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Source: The Motley Fool
“The entire concept of retirement is unique to the late-20th century. Before World War II, most Americans worked until they died.”
The quote above is from Morgan Housel. He has become the most consistently interesting writer on Motley Fool (a site I never really grokked).
I was reminded of this over the weekend when I finally got around to reading a post of his on the flight back from the West Coast. The chart above is from a longer piece on savings for retirement — and we all know all the usual memes on that subject all to well.
But here is the crazy thing we often forget: Throughout history, most people never really got to retired. Men typically were working at age 65 and beyond. In 1880, 78% of Men over the age of 65 were still working. Most men worked til they dropped. Only recently — since the 1940s — have less than a majority of over 65 year old men not been employed in some capacity.
That is an astonishing data point. Retirement as we know it today is a less than century old phenomena. The truth of the matter is that most Humans (particularly males) never had the opportunity to retire. They simply worked until they died. You could not work, but then you wouldn’t eat — leading to the same resolution.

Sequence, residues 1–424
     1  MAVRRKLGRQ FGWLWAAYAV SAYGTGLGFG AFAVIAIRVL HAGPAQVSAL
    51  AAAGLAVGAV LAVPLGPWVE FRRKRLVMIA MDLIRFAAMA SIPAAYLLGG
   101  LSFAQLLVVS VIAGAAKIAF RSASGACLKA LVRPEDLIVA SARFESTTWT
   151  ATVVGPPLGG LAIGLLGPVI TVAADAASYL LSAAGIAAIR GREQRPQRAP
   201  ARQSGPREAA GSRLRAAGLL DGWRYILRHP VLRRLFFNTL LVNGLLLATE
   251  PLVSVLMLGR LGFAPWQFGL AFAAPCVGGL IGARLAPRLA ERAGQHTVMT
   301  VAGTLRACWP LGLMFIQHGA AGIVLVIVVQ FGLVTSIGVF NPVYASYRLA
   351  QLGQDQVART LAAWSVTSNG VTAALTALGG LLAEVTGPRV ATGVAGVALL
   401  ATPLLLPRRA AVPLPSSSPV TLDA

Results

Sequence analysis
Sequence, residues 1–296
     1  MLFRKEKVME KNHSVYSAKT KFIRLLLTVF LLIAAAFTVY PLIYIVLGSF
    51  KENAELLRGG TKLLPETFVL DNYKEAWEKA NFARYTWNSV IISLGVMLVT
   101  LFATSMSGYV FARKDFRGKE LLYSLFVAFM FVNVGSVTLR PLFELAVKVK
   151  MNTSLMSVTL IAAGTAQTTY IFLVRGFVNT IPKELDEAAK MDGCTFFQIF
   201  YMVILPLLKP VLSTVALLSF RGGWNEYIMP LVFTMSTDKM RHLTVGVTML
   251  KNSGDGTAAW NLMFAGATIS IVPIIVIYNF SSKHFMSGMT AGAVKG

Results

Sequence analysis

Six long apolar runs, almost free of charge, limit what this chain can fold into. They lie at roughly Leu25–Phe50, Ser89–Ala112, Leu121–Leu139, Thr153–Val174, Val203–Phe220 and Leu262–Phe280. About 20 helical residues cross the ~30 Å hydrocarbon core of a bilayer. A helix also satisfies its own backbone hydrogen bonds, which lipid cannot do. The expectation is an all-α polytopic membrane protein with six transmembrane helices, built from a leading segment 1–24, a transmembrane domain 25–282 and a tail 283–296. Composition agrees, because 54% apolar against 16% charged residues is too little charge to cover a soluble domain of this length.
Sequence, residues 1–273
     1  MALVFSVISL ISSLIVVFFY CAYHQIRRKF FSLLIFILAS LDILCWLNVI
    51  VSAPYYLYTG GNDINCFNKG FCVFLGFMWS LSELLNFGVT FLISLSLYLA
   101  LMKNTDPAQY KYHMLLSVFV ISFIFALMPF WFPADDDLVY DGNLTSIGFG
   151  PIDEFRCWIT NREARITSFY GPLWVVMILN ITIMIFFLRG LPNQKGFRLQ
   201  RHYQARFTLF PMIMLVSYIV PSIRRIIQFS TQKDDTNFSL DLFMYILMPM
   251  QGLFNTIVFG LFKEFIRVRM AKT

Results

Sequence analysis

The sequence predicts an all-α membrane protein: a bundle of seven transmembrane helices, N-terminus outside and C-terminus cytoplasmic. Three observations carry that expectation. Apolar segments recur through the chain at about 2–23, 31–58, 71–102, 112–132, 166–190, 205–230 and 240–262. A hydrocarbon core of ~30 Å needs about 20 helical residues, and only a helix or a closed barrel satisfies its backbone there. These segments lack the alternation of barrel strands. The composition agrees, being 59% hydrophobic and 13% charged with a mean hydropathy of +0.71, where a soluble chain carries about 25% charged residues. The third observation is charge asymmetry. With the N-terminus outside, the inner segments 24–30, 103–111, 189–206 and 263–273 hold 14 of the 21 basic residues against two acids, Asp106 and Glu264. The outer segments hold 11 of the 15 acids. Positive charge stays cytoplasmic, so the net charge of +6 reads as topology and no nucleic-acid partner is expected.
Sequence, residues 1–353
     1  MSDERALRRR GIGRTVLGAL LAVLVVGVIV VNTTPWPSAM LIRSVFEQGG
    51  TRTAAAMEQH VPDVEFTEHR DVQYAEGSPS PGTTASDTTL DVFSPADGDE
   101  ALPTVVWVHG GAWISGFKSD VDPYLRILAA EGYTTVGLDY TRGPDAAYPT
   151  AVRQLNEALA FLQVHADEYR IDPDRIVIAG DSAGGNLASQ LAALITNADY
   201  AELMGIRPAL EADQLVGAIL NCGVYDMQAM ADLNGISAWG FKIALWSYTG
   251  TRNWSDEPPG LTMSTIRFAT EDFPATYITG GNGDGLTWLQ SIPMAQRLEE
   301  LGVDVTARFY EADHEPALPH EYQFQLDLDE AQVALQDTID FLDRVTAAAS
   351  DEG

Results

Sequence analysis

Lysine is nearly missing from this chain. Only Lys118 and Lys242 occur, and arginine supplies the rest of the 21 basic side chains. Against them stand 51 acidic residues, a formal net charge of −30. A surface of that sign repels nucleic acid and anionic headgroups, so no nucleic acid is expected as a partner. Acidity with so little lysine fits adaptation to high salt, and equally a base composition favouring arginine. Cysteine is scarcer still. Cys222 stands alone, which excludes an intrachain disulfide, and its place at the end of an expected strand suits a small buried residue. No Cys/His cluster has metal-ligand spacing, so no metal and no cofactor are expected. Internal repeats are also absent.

The combination of Social Security, private pension funds, IRAs and 401(ks) are the funding mechanisms. They are quite imperfect, but what they require is tweaking, not undoing. Raise the FICA cap on Social Security, and that becomes financially sound. In IRAs and 401(k)s, you can replace high cost under-performing active funds with low cost passive ETFs and see an immediate improvement in returns. There are simple fixes for what are essentially actuarial issues.
One last thing: Note that after 120 years of the labor force participation rate dropping for the over 65 male, it has begun ticking up again. The key question is whether this is merely a post-crisis catch up caused by 3 crashes — Stocks, houses & stocks again — or whether it represents a fundamental change in society.
We probably won’t know for another 5 years or so, but it is worth watching closely.
The Biggest Retirement Myth Ever Told
Motley Fool May 2, 2013